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Frank Pasquale, A Rule of Persons, Not Machines: The Limits of Legal Automation, George Wash. L. Rev. (forthcoming 2018), available at SSRN.

It’s funny that people who are so infinitely fallible consistently seek to eliminate that fallibility—to get rid of the vagaries, inconsistencies, and unpredictable nature of human decision-making. In this insightful article, Frank Pasquale exposes a recent incarnation of this effort and its effect on the future of the legal profession.  Legal futurists insist that software and new technology can edge out lawyers with a better, more efficient, and more consistent product. There is little that lawyers do that cannot be done better by artificial intelligence, smart contracts, and other block chain technologies. Governance itself will be more efficient, fair, and even-handed if we minimize the human element. Pasquale guides us through the flaws in the argument, the dangers and unintended consequences of the unbridled use of these tools. In doing so, he argues that legal futurists ignore the irreducibly human and discretionary nature of the law and he concludes with a more modest future for technology in the law.

Pasquale begins by exploring and debunking several myths about law and technology.  Promotors of the new legal technology suggest that the products can eliminate human discretion. Part of the appeal of legal automation is that it can replace bias with fairness and human error with mathematical precision. The more social scientists teach us about how bias works, the more skeptical we become about the ability of well-trained individuals to make good decisions. But this goal is illusory. Technology does not remove human choice. It merely shifts responsibility from lawyers, judges, and regulators to programmers.  In doing so it hides the human choices that are equally plagued by error and bias under the guise of neutrality and objectivity. It shifts decisions from those trained in law to those in a different discipline.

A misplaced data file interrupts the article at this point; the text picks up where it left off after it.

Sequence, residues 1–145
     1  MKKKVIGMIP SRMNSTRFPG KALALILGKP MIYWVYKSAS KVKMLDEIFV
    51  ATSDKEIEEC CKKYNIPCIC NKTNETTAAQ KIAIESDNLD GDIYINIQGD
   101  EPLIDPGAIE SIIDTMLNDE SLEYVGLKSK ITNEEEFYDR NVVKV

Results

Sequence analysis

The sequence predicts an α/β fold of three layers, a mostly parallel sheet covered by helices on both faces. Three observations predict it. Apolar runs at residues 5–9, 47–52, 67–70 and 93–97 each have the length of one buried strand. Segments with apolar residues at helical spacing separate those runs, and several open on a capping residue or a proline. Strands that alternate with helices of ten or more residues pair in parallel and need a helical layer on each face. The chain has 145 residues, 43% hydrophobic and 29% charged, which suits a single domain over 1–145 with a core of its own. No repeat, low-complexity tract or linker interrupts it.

Legal futurists argue that technology solves a problem that has plagued the bar for over a century—this vaunted technology, they claim, will expand access to legal services by the poor and middle class. By routinizing and mass marketing legal information, LegalZoom and other innovators have been able to reduce costs and provide access to important services to those who couldn’t afford it before.

But, without disputing the value of products like LegalZoom, Pasquale notes that this software makes up a small fraction of the aspirations of legal futurists who seek to mechanize private legal arrangements among powerful businesses as well as governance itself. Many of the innovations will not begin to address unequal access to justice because they are designed for high-end consumers who do not serve lower-income clients at all. Further, even if legal technology is preferable to lawyers in some areas because of its power to reach underserved communities, it is no panacea: It is plagued by error and risks empowering new financial interests to influence normative policy areas. The tax software companies have, for instance, developed into a strong lobby, at times pushing for laws that create a market for their product but undermine the public interest in simplifying certain types of tax law. In addition, without the proper legal training and specialized knowledge, programmers can miss essential components of the law. The wills that LegalZoom drew up, for instance, neglected the effect of employer-sponsored retirement accounts, leaving many individuals with no provision for the distribution of those funds.

Pasquale also exposes a third myth—the promise of perfectly impartial technological governance—as both unrealistic and undesirable. True, robotic law enforcement seems unproblematic in some areas. Red light cameras, for example, automatically take a picture of cars speeding through stop lights and send notices of conviction and fines to the owners. But Pasquale explains that this simple tool also has downsides. Most notably, it can shift costs from the government to individuals. It does so by imposing a difficult appeal process on those who have a viable defense. In addition, it dispenses with due process and denies the defendant the right to confront his accuser. Proponents argue that the genius of innovations like this is that they eliminate unwanted bias replacing it with a fair and impartial machine, but studies have shown that algorithmic risk assessment and sentencing regimes are not immune to racial and other biases, but instead integrate them into the system. Robotic law enforcement spawns market reactions like, which serves a legitimate purpose in helping innocent individuals avoid paying their fines but also encourages bad actors to game the system, which leads inevitably to more technological innovations to monitor individual behavior.